U.S. Federal Trade Commission (FTC) General Counsel William Blumenthal recently delivered a major policy address on "gun jumping" or illegal premature coordination among merging parties. The purpose of the speech was to try to provide improved guidance on what types of premerger coordination activities are permitted and not permitted under the antitrust laws. The FTC general counsel stated that the antitrust agencies recognize that many forms of premerger coordination are "reasonable and even necessary," and he is concerned that merging parties may be acting too conservatively in limiting transition planning due to incorrect views on what the antitrust regulators view as excessive premerger coordination activities. While gun jumping will remain a concern, this speech appears to signal the view of an important regulator that carefully controlled transition planning can be accomplished in most circumstances.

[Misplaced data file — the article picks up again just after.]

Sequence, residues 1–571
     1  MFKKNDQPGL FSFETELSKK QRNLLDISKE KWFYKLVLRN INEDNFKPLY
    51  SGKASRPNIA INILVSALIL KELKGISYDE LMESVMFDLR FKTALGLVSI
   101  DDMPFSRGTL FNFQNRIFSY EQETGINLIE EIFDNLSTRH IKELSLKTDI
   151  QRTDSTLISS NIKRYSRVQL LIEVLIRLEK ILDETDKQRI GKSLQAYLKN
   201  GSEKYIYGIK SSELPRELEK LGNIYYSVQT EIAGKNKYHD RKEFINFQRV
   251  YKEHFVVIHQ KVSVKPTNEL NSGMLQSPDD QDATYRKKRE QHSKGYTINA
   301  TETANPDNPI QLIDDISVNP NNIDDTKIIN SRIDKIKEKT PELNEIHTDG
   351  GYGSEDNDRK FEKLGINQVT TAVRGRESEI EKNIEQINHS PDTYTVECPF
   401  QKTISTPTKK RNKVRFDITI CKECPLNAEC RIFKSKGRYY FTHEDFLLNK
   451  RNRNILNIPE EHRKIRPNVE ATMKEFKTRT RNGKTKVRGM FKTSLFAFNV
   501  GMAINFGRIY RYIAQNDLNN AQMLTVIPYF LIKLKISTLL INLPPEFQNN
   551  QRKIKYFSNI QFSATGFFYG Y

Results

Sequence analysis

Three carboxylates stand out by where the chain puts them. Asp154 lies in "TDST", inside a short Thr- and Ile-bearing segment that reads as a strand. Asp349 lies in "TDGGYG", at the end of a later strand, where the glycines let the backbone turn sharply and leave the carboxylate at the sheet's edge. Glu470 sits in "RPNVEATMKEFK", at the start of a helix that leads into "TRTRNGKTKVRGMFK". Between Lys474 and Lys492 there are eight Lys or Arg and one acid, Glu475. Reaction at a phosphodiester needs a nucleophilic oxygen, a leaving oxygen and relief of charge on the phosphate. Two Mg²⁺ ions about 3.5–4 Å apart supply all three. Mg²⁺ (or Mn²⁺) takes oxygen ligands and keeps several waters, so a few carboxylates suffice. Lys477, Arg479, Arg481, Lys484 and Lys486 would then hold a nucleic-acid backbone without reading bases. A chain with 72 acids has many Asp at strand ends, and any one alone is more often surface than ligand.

Over the last decade the FTC and the U.S. Department of Justice (DOJ) Antitrust Division have brought six cases involving premature coordination or gun jumping among merging parties. Gun jumping is analyzed both under the Hart Scott Rodino (HSR) Act and section 1 of the Sherman Act. The HSR Act generally requires parties to file notifications and observe mandatory waiting periods prior to consummating transactions valued in excess of $53 million. HSR Act gun jumping can occur when the parties coordinate prior to the expiration of the HSR Act waiting period to a degree that the regulators may view the buyer as having obtained beneficial ownership of the seller’s operations. HSR Act violations can occur even if the parties to the transaction do not compete in the same markets. In transactions involving competitors, section 1 of the Sherman Act imposes a separate basis for liability. Parties to a transaction are viewed by the antitrust agencies as independent competitors until their transaction is actually completed. Coordination of competitive activities between merging parties that are competitors or detailed information exchanges that allow the parties to coordinate pricing (for example) can lead to Sherman Act section 1 challenge. Significantly, this liability can arise for preclosing activities that occur following the expiration of any applicable HSR Act waiting period. The DOJ and FTC have used both statutes to challenge what they view as inappropriate premerger coordination.